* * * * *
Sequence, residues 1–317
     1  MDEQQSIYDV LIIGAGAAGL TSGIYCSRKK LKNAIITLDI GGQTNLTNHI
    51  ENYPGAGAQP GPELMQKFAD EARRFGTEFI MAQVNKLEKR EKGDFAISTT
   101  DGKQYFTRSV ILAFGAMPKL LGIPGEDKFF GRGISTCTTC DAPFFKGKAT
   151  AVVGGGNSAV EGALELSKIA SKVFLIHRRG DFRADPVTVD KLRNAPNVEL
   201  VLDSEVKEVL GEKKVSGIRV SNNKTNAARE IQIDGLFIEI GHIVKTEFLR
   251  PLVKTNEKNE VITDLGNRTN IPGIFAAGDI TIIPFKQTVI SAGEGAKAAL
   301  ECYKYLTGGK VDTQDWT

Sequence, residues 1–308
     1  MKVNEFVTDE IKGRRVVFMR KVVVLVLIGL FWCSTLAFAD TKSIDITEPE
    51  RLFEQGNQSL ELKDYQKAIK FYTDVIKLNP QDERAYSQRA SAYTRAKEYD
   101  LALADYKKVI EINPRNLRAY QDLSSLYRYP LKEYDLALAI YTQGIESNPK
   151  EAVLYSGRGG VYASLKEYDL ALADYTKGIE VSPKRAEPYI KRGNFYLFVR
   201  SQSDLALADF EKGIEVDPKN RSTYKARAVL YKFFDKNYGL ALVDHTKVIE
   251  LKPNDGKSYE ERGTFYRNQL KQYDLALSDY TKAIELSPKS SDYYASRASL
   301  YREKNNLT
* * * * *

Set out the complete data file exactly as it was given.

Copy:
Sequence, residues 1–317
     1  MDEQQSIYDV LIIGAGAAGL TSGIYCSRKK LKNAIITLDI GGQTNLTNHI
    51  ENYPGAGAQP GPELMQKFAD EARRFGTEFI MAQVNKLEKR EKGDFAISTT
   101  DGKQYFTRSV ILAFGAMPKL LGIPGEDKFF GRGISTCTTC DAPFFKGKAT
   151  AVVGGGNSAV EGALELSKIA SKVFLIHRRG DFRADPVTVD KLRNAPNVEL
   201  VLDSEVKEVL GEKKVSGIRV SNNKTNAARE IQIDGLFIEI GHIVKTEFLR
   251  PLVKTNEKNE VITDLGNRTN IPGIFAAGDI TIIPFKQTVI SAGEGAKAAL
   301  ECYKYLTGGK VDTQDWT

Sequence, residues 1–308
     1  MKVNEFVTDE IKGRRVVFMR KVVVLVLIGL FWCSTLAFAD TKSIDITEPE
    51  RLFEQGNQSL ELKDYQKAIK FYTDVIKLNP QDERAYSQRA SAYTRAKEYD
   101  LALADYKKVI EINPRNLRAY QDLSSLYRYP LKEYDLALAI YTQGIESNPK
   151  EAVLYSGRGG VYASLKEYDL ALADYTKGIE VSPKRAEPYI KRGNFYLFVR
   201  SQSDLALADF EKGIEVDPKN RSTYKARAVL YKFFDKNYGL ALVDHTKVIE
   251  LKPNDGKSYE ERGTFYRNQL KQYDLALSDY TKAIELSPKS SDYYASRASL
   301  YREKNNLT